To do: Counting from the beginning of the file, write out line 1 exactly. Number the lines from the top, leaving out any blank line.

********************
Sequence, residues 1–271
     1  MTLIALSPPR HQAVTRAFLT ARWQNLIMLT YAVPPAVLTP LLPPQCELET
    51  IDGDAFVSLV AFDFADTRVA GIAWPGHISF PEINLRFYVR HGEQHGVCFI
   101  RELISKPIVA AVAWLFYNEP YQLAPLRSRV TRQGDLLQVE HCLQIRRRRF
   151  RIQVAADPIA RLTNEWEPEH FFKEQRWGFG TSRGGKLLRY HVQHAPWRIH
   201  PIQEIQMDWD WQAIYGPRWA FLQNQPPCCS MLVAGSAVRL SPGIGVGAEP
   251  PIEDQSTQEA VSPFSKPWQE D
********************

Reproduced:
Sequence, residues 1–271